In april 2006, akshara foundation and the Government of Karnataka signed a Memorandum of Understanding and the Karnataka Learning Partnership was formed. The objective of this public-private partnership was to work jointly to improve learning outcomes among primary school children in Karnataka. The first initiative was the city wide reading programme that was implemented in all government primary schools in bangalore. a similar programme to boost children’s mathematical skills was conducted in 834 schools in the city.

**the responsibilities of akshara foundation were:
**

• Develop and produce the Teaching learning Material (TlM) for the programmes in consultation with DseRT. • Do capacity building and train teachers, CRPs and beos. • Create the technology backbone for the programme for data capture, analysis and display. • Monitor the programme and track assessments.

**the main responsibilities of the government through the education department were :
**

• Provide the teachers for the implementation of the programme. • Monitor implementation through CRPs and beos. • engage as a partner to initiate change in the existing government school system. • Conduct an independent evaluation and validate the programme through the District Institute of education and Training (DIeT).

Tenth Five Year Plan ( 2002-2007) Volume 1 – Dimension and Strategies, Planning Commission, GOI, New Delhi, 2002. Selected Educational Statistics, MHRD, GOI, New Delhi. 6 Annual Status of Education Report, (Mumbai: Pratham Resource Centre, 2007), 44.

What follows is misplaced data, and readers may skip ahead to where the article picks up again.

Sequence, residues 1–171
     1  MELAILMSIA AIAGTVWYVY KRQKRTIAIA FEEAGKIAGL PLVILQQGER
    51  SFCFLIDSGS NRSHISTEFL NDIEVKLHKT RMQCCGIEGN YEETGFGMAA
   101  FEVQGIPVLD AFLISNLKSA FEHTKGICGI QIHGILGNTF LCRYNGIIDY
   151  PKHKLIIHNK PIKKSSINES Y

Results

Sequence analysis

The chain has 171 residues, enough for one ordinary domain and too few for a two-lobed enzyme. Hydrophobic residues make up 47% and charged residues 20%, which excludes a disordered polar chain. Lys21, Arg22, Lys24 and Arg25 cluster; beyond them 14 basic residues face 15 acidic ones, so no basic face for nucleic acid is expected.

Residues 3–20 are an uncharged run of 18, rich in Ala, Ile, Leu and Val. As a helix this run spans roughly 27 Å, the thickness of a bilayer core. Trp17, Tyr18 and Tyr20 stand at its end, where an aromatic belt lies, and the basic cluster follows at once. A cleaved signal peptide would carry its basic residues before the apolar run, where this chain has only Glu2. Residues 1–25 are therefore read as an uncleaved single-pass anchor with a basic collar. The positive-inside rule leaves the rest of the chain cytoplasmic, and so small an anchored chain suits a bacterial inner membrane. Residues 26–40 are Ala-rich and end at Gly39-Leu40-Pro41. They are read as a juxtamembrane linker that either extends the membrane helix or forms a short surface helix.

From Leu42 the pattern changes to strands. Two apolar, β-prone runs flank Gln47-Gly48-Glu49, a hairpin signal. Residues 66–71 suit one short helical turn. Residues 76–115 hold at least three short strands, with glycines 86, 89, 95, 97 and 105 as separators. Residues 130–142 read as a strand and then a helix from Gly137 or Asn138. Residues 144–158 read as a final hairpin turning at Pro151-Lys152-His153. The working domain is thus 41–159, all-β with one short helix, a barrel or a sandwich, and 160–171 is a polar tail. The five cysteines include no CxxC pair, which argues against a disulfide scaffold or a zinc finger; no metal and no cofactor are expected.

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Once the agreement was inked, teams that included Education Department officials, school teachers and personnel from akshara foundation set to work to complete the task of getting bangalore’s children to read and learn mathematics within a time frame. The Karnataka learning Partnership was supported by sarva shiksha abhiyan (ssa), which sponsors (1) innovative methods of teaching and (2) remedial methods of teaching. This public-private collaboration, which is the driving force of the Karnataka Learning Partnership, has become a joint venture in the truest sense.

traiNiNg teachers

nnG started in June 2007 with a two-day training session for 2400 government school teachers across five Educational Blocks in bangalore south District. They were trained in 44 training centres by 130 Master Resource Persons (MRPs). Teachers were trained in the methodology using the kit, and by the end of the training they were a happy lot, thoroughly impressed by the kit and its many components.

**startiNg With a Pilot
**

The idea of nnG had to be piloted to test its effectiveness and acceptance. akshara foundation held a 30-day pilot in a few selected schools in two educational blocks in bangalore, n1 and s4. Government school teachers implemented the pilot. There was a principle behind the pilot and many factors it sought to establish. • Would the methodology find acceptance in government schools? • The kit had to be tested for wider dissemination. • Teachers had been trained by akshara foundation, but were they geared for the programme, for its actual implementation on a larger scale? • What was the feedback from teachers? • What were the issues that the programme would face while scaling up? • Would children like the programme? What would their learning responses be? • Was the programme easy to implement?

“This programme is solid. Children will grasp numbers with smiles on their faces. There are things that facilitate daily life in this kit. You know, children will come to school if schools offer them something of interest. We will definitely do whatever it takes to make this programme a success.” ~ Asma Parveen, MRP, Government Urdu Higher Primary School,Vijnapura, Bangalore

**results aNd outcoMes
**

the pre-test and post-test results

assessments were conducted in 3 main competencies: • numeration – includes number concepts and place value • four operations – addition, subtraction, multiplication and division • Mental math – to be able to mentally comprehend and write the answer.